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Relearning French


Graye

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Can anyone give me some advice for a course etc (online or book perhaps) which I can use to brush up my very much forgotten French?

I did A level French at school and used French for quite some years on visits etc. We then didn't visit for many years and my French fell into total disuse.  For the last five years we have lived in Spain and I have had to learn this by immersion.  My husband speaks Spanish fluently so it has helped being able to listen to friends and neighbours speaking to him.  My Spanish is now good at a basic conversational level although I would struggle to spell some words I know as I have never seen them written or do anything complex like conjugate a verb etc. without some serious thought.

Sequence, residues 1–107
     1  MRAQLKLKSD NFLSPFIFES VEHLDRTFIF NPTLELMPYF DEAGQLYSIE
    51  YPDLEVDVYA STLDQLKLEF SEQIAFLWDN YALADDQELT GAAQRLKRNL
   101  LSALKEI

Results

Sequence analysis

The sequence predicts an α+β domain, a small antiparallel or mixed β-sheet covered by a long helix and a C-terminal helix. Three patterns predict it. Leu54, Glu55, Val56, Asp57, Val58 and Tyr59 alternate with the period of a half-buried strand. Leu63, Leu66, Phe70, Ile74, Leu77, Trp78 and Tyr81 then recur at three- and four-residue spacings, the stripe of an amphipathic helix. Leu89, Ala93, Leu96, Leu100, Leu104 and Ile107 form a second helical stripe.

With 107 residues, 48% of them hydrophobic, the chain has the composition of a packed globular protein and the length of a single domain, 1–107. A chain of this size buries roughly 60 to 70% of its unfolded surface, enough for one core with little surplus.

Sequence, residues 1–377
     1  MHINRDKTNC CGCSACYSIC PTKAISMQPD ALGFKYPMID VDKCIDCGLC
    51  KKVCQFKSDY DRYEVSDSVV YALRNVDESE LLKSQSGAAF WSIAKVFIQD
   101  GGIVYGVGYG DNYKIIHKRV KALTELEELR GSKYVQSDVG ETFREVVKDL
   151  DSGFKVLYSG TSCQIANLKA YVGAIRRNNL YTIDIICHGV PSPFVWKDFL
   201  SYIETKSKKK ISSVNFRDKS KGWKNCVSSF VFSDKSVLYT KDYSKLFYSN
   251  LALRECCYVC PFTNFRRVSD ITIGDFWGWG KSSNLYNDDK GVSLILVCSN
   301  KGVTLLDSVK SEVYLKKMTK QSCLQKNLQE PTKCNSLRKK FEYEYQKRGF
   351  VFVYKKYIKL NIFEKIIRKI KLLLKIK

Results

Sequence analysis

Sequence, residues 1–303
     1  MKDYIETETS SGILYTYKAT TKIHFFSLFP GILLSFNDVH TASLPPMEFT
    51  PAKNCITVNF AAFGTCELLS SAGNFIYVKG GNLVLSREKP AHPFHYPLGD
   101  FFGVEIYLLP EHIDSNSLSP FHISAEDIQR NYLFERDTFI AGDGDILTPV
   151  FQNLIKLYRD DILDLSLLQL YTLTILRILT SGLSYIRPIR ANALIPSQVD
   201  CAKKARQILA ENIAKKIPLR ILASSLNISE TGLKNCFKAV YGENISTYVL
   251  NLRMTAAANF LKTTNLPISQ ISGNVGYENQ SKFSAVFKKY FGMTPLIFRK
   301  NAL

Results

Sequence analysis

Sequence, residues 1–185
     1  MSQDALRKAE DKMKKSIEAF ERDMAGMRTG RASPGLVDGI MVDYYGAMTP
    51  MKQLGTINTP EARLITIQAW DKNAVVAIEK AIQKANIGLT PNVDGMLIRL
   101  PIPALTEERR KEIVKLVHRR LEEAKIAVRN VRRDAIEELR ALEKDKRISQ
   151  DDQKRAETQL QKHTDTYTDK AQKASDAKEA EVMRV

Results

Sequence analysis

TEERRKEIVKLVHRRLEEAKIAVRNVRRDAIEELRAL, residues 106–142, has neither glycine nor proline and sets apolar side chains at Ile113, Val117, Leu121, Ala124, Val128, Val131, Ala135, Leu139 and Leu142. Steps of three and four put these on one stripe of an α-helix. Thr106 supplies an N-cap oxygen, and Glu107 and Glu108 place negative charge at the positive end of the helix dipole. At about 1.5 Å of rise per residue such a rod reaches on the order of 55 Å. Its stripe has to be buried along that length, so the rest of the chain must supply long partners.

Everytime we have driven through France I have done fine with the written word and can understand what people say to me but whenever I try to speak nothing but Spanish comes out!  The only time I amazed myself was when a clumsy employee in Lidl's in Bayonne managed to push a whole tower of wine bottles over onto me with her stacker truck. My sudden command of French surprised even me!! 

As we will now be living in France for 4 months I really would like to do something pretty intensive to persuade my brain to rediscover the French it has hidden away in there.  We have the full Michel Thomas course which sounds as if it may help but is there anything else anyone could recommend please?  I have from now until mid September to come up with something and as we are leaving Spain next Thursday I will not be distracted by hearing Spanish all day long.